I Want to See You

What could possibly be the harm in wanting to see God? Isn't that something every Christian longs for? Who wouldn't want to bask in the full glory of our loving Heavenly Father? It seems like that would be a pretty good thing to want.

Moses wanted this very thing. (You can read about it in Exodus 33.) God has instructed the people to leave Sinai, and Moses has a request. "Show me Your glory," he says to God, asking Him to prove His promised presence with a visible presence. But God tells Moses that no one can see His full glory and live (Scripture uses the phrase "the face of God" to describe His glory, as God the Father is spirit and not flesh). Moses visited with God in the tent of meeting (the place of God's promised presence) "as a man speaks with a friend" (33:10). But even that kind of intimate, personal interaction still didn't involve God's full revelation of His glory. There is no way sinful Moses would be able to be in the full presence of the perfect, holy God and survive.

And yet God is gracious.

He is willing to show Moses as much as Moses would be able to take. So God says, "hide yourself in the cleft of a rock," and God's goodness passes by. God shields Moses so that Moses can just get a glimpse of God's glory as He passes by.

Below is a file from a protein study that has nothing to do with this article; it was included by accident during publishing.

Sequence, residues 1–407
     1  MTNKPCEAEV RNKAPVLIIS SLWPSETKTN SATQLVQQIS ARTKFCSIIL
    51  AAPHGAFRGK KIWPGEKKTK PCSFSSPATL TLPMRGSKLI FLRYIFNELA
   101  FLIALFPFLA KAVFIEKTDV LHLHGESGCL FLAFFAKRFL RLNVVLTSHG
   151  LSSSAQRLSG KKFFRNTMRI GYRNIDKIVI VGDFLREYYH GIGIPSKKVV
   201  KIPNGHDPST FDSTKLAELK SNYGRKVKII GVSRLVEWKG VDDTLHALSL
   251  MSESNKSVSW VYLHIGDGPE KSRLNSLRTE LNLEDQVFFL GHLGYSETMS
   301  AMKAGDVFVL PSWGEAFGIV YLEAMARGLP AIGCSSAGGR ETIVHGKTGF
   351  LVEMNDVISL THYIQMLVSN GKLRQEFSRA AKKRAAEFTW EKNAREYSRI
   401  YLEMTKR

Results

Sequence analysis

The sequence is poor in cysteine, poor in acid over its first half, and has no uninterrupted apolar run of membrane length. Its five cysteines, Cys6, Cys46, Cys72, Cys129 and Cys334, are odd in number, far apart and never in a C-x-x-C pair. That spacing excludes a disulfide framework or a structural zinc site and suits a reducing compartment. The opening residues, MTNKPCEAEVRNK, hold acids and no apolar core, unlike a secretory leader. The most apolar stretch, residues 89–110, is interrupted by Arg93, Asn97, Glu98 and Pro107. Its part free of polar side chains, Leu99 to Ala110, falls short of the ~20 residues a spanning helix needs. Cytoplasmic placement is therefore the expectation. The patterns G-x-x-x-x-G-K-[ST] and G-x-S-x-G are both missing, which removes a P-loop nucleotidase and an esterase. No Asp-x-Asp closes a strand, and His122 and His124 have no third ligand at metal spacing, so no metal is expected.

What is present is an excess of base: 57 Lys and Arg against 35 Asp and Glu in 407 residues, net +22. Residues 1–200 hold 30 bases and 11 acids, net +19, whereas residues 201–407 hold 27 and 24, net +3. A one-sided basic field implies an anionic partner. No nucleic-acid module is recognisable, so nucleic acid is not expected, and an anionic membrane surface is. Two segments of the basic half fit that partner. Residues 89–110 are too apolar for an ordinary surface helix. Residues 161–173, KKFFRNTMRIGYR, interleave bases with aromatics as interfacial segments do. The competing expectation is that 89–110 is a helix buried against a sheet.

Throughout Scripture, when confronted with the glory of God, people are in trouble. Isaiah sees it and is undone (Isaiah 6:1-7). The disciples on the Mount of Transfiguration are overcome (Matthew 17:5-7). God's glory and holiness will simply overwhelm people in their sinful human state.

And yet God is gracious.

Moses, Isaiah, Peter, James, John, and others get a glimpse of God's glory through His gracious acts. (Notice that in all these examples from the Bible, people who survive even a glimpse of God's full, glorious presence is due to God's act of grace in the forgiveness of sin!) But there is one act in which God reveals His glory in a way that no one expected, and that is much, much more than a glimpse: Jesus the Christ, hanging on a cross.

We might be tempted to believe the cross of Jesus was the furthest thing from a glorious display. How could this be a revelation of power and glory from God? But it was through the cross that God triumphed (Colossians 2:13-15)! And this was not only a glimpse of God's glory and grace it was a full-on display! The thick curtain of the temple, which separated the Holy of Holies - the promised place of God's presence - from the rest of the temple, was torn in two! This was so much more than a glimpse of grace; it was God's strongest display of power and glory as Jesus completed His work on the cross and was raised to life on the third day.

So we, along with Moses and all the others, have been given much more than a glimpse of God's grace and power; we have been given the full panorama. And yet there's more! We also look forward to the day when we will actually, physically experience the full glory of God, when our broken bodies will have been transformed (Philippians. 3:21) and we will meet God face-to-face (1 Corinthians 13:12). We will not just get a glimpse. We will be in God's glorious presence forever!

"Gracious God, You have shown Your glory and love to me in Christ Jesus. Strengthen me with the comfort of Your presence, and lead me to that day when I will see You face-to-face in person. In the name of Jesus, Amen."